Finish- 4th Pro- 8:54
The finish line was amazing. The emotions of 4th place, my best overall finish, and redemption from IMWI hit me hard as I crossed the line. I was happy, proud, but with a small side of gutted from missing the podium. I stood there and watched the champaign podium celebration and then congratulated the guys and left the finishing area. Close, but not quite there. I left hungry for more, but properly satisfied for the day. I walked over and hugged Tina and Revere who were amazing the entire trip, but especially that day. They both were so happy for me, and I was so thankful for them. A true team effort.
I posted a quote on instagram in the days before the race, “Strength does not come from winning. Your struggles develop your strengths. When you go through hardships and decide not to surrender, that is strength.” Feeling this way allowed me to take the pressure off myself for Chattanooga. I went there to prove something to myself and nobody else. The redemption was my own, however I defined it. To learn from my struggles, make changes, and grow. Ironman and expectations don’t mix well. Focus on yourself, the process, and embrace the inevitable suffering, and you will never cross the line unsatisfied.
As always, thank you to Kitty for your support and being behind the idea of adding this race, even in the midst of our crazy last 4 weeks! (Bought a house, got married, 2 Ironmans.) Thanks to my sponsors- Summit Strength and Fitness and Trek Stores of Madison. Thanks to all my training partners over the years who continue to help me grow as an athlete. Team PBC for supporting and inspiring me through he highs and lows, (and helping me move, ha). Thanks to my coach, Bevan McKinnon for the knowledge and guidance. And finally thanks to all who tracked, sent messages, and pull for me, regardless of the race and regardless of how I finish.
One word: Disappointed. I saw yesterday as an opportunity to have a great performance, at my hometown Ironman, with the best fitness of my life. I had an excellent IM focused training block, specific to this race. I had a great race plan to execute. I was healthy and injury free. 2 weeks prior, I had the best 70.3 of my life. The stars were aligned.
After a choppy but ok swim, my gap to the front was smaller than ever at this distance. I’m the water we had a group of 4 for the first half, and then it broke up and I was solo. The waves were crazy and I felt like I managed them ok, but maybe spent a little more effort than usual doing so. Not much to report here.
I rode my race plan, even letting others up the road to be committed to my own execution. I ate, I drank, and I stayed calm and smooth. Just as I trained. I had some hand/finger cramping start right away, which was totally odd. About 2hr into the ride I had a quad cramp, again very odd as I never cramp. Then about 3 hours into the bike I started peeing. Over the next 90min I peed 4 more times. My fluid intake was not higher than any other day I’ve trained that duration. Then there was a power drop off, which may have been happening regardless. But overall my power ended up being 20w below what I’ve done in training. Despite this, I rode into 7th place and was 6th out of transition. I had a decent ride split for the day, and thought maybe with the lower power I would have a little more in the run legs.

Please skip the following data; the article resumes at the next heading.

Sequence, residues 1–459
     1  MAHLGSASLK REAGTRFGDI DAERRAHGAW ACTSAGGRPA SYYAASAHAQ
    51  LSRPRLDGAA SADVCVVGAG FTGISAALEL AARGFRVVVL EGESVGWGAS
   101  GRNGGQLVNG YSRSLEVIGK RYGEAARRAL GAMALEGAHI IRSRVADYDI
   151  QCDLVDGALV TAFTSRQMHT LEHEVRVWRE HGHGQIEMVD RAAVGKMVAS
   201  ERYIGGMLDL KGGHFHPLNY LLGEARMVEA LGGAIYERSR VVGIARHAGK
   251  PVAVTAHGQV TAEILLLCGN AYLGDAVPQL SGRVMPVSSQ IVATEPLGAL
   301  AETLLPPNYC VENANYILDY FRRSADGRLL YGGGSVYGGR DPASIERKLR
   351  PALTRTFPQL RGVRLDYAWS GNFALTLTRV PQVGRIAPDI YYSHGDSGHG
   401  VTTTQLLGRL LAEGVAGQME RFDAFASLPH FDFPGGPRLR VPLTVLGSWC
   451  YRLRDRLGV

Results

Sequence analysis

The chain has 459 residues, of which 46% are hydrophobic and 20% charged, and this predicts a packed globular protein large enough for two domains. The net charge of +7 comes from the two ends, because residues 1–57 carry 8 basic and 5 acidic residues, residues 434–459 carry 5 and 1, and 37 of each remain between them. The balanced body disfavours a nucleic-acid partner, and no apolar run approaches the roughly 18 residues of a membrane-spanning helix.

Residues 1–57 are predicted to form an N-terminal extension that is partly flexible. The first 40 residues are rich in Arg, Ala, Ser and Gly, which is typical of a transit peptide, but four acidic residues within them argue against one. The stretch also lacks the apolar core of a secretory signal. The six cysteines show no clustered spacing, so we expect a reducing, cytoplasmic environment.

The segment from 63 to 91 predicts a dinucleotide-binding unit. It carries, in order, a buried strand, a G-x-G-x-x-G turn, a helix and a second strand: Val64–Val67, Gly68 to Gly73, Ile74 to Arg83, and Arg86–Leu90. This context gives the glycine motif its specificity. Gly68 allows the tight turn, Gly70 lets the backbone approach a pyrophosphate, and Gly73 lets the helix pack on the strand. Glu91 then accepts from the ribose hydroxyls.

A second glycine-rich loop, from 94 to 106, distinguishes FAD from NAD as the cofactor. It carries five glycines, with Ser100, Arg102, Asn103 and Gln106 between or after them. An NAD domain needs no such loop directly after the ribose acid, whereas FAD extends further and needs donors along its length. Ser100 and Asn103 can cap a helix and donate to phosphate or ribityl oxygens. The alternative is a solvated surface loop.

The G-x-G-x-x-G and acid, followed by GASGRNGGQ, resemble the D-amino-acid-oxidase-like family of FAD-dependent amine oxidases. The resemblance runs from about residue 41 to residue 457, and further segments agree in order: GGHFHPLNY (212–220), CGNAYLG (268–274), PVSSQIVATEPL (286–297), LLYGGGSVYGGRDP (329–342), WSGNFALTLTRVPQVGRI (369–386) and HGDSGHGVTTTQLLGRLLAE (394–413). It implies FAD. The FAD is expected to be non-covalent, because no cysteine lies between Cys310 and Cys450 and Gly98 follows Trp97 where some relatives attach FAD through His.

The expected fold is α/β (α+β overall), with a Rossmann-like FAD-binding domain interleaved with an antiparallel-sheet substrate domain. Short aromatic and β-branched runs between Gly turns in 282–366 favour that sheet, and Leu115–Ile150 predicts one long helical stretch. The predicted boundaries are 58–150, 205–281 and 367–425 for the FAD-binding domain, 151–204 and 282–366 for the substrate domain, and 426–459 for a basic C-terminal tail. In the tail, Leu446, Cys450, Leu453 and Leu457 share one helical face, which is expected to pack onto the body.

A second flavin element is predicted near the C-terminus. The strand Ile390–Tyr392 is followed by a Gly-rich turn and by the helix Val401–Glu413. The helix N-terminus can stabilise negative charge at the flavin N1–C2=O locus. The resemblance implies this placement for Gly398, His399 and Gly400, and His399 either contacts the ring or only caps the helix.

Starting the run I was excited because I heard that 2nd place was 9min ahead. Knowing the past performances of these guys, I was expecting them to run 3hr or more. Me, I’m a runner. I am in the best run shape of my life, having just run 1:13 off the bike in Traverse City. All of my training has indicated that 2:50 was doable as long as I executed through the first 6hr of the race, which I had done. I went out and held myself to the pacing plan my coach and I practiced, only things felt much different than usual. The urination continued, now coming every mile. It was dark in color, but also extremely confusing because I was not drinking that much fluid. In the 6 Ironman races I have done, this has happened 1 other time (IMWI 2017). Never at any other races, never in training. Regardless, I pressed on, holding pace through the first loop, moving my way solidly into 6th and closing on 3 more up the road. I was in a good spot mentally, despite all of this. At the start of lap 2 I tried to increase my pace, as planned, but it just wasn’t happening. However, I continued to run decent, around 6:30 miles give or take. Then, mile 16 happened.
*a lot of this is reported from athletes/friends of mine who witnessed this* I don’t remember a lot of it.